“There’s no limit to the ar­eas and top­ics you can spe­cial­ize in,” Collins said. “Some col­lec­tors pick one spe­cialty, and they can de­cide to spread out as far as they want. There are a num­ber of clubs in the U.S. And there’s a lot of his­tory in each one (match­book).”

Open­ing a thick binder, he dis­played a num­ber of match­book cov­ers pro­duced by lo­cal busi­nesses — some still op­er­at­ing, but many long gone. To some, these small free match­book give­aways could be the only rem­nant of the past.

A very small sam­ple of his lo­cal col­lec­tion in­cludes: Schae­fer’s, Dock­side, Whar­ton’s Inn, Golden Skil­let, Manor Inn, Ch­e­sa­peake Inn, Swiss Inn, Steel’s Mo­tor Court, Wes­ley’s, Lit­tle Elk Inn, Weaver’s Steak House and Restau­rant, EBT Elk­ton Bank­ing and Trust Co., Howard Ho­tel, Bomba’s Madi­son House and Lafayette Inn.

Collins had no hes­i­ta­tion nam­ing his most trea­sured find: A match­cover for Gor­man’s Ser­vice Sta­tion in North Ch­e­sa­peake City, so old that it ad­ver­tised the ser­vices of a wheel­wright and black­smith.

Costs of match­books, he said, can range from a few dol­lars to $20, to over $100. But it’s still a hobby that peo­ple can get into for a rea­son­able price.

Like other ob­jects, the pop­u­lar­ity and avail­abil­ity of match­books has changed over time. Match­book man­u­fac­tur­ing peaked dur­ing the 1940s and 1950s. Its de­cline be­gan in the 1970s, partly be­cause of the ap­pear­ance of cheap, dis­pos­able lighters along with health con­cerns and anti-smok­ing cam­paigns.

Re­cently, match­books have be­gun to regain some of their pop­u­lar­ity as a retro ad­ver­tis­ing item, par­tic­u­larly in high-end restau- rants and pri­vate clubs.

To most non-col­lec­tors, the match­book is a dis­pos­able, cheap item, not wor­thy of sig­nif­i­cant at­ten­tion. Ex­perts and col­lec­tors, how­ever, see much more. They can name all the ele­ments of its anatomy: front, back, sad­dle, footer, comb, striker and manu­mark (man­u­fac­turer’s iden­tity). They can tell you the year (1973) the fed­eral gov­ern­ment or­dered the striker moved from the cover’s front to its back for safety con­cerns. There also are dif­fer­ent sizes, some larger or smaller than the most com­mon, 20-match match­book.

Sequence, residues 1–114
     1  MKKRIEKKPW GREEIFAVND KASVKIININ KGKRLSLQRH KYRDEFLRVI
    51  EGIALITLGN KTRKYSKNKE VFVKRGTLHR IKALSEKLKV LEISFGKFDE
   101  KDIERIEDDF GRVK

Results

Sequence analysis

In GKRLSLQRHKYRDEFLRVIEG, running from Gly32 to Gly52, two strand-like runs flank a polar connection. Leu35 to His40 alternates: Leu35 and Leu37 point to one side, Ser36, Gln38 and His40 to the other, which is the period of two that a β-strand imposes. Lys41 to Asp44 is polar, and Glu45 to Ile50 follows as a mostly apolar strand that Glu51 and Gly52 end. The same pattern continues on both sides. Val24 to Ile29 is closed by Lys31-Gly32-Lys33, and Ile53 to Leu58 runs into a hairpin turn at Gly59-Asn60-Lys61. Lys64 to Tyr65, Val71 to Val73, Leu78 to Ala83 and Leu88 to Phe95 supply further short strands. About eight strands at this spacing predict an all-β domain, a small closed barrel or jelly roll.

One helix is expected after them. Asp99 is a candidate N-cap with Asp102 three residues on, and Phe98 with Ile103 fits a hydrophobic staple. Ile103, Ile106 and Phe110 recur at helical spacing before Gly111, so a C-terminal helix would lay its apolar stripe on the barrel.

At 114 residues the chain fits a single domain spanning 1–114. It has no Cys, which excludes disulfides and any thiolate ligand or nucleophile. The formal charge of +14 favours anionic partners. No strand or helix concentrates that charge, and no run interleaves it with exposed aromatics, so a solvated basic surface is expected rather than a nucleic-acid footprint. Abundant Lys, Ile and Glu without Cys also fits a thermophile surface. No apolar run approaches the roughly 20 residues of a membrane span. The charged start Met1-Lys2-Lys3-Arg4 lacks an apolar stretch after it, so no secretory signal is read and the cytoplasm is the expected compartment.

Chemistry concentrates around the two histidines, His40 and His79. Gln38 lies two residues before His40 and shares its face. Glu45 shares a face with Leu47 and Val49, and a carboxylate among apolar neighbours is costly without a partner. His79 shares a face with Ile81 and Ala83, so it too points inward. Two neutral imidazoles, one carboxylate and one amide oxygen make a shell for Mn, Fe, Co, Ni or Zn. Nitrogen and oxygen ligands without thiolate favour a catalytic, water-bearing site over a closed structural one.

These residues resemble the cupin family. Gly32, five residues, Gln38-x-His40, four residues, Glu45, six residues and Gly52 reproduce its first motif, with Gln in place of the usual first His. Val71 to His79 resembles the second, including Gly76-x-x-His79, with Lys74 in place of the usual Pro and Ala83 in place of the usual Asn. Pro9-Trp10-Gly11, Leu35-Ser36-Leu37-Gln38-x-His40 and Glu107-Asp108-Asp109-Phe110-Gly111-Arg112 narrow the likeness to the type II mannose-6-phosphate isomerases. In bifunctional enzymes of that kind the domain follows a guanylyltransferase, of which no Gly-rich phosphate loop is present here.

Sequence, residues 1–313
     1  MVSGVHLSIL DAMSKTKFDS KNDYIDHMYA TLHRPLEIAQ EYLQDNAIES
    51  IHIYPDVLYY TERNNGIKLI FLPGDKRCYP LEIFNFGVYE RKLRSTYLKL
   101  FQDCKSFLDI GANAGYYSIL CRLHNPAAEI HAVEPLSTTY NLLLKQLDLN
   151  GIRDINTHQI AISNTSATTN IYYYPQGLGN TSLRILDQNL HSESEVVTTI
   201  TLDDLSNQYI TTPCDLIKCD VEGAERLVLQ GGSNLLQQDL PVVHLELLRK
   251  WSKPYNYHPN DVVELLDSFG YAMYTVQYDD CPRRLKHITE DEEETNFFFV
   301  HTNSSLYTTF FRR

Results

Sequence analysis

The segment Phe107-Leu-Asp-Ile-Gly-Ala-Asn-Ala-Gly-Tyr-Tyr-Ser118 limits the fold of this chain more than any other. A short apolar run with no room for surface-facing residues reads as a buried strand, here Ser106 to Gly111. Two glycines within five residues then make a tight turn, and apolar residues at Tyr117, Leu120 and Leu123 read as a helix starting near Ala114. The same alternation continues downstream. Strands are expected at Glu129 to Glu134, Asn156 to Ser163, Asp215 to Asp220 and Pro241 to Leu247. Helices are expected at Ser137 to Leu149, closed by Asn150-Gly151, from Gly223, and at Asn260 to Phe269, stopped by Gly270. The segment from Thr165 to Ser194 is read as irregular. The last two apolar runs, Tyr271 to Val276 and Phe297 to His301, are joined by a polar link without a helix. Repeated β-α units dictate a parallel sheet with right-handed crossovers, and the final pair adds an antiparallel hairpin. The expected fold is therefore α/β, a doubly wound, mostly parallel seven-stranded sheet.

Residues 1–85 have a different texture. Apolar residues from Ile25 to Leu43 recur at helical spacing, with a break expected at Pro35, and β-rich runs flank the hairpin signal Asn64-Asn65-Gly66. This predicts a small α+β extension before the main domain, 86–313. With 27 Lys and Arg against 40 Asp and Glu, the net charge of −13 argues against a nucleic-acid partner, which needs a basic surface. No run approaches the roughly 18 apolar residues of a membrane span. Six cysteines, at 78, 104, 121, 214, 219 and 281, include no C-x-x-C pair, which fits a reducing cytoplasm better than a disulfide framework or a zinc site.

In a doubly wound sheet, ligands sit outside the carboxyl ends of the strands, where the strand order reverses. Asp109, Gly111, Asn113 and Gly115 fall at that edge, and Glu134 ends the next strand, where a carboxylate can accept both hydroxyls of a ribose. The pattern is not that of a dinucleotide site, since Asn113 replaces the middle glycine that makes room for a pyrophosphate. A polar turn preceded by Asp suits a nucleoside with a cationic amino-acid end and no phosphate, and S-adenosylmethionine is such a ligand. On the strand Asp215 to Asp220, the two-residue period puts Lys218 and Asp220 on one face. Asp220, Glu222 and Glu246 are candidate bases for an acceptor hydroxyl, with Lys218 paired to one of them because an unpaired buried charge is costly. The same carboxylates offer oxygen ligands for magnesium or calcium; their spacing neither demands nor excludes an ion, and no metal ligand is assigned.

Collins said years ago com­pa­nies de­voted sig­nif­i­cant cre­ative at­ten­tion to match­books, mak­ing them col­or­ful and artis­tic, as well and util­i­tar­ian. “It wasn’t just an ad­ver­tise­ment,” he said, “but a work of art.”

While match­books are still be­ing pro­duced, it’s the older ones that com­mand par­tic­u­lar at­ten­tion.

“Peo­ple who know I col­lect them,” Collins said, “will call and say they have some match­books and ask if I want to look at them. A lot of peo­ple find them when they’re clean­ing out their grand­fa­ther’s house. Usu­ally, they just throw them away. If you’re a col­lec­tor, you try to get to them be­fore they get tossed.”

Collins ad­mit­ted most peo­ple re­act with sur­prise when they learn about his in­ter­est in this par­tic­u­lar ob­ject. He said, “I ex­plain to them it’s a snap­shot in time. It might be the only mem­ory left of some­thing you don’t have a pic­ture of.”

Match­books also prove the old say­ing: “There’s a col­lec­tor out there some­where for any­thing you can think of.”

When asked what he finds most en­joy­able about his hobby, Collins gave an an­swer of­ten re­peated by his col­leagues: “It’s all about the ex­cite­ment of the hunt. To find some­thing real old, or that there are not many of.”

Please Note: In co­op­er­a­tion with the His­tor­i­cal So­ci­ety of Ce­cil County, a web page fea­tur­ing Lee Collins’ wealth of in­for­ma­tion about Ch­e­sa­peake City and the area —in­clud­ing photos, his­tor­i­cal in­for­ma­tion, doc­u­ments, class lists, and more — is ac­ces­si­ble at www. ce­cil­his­­peakecity/

To sug­gest a Ce­cil col­lec­tor to pro­file, email let­ters@ce­cil­


Lee Collins poses be­side some of the many Ch­e­sa­peake City col­lectibles in his home.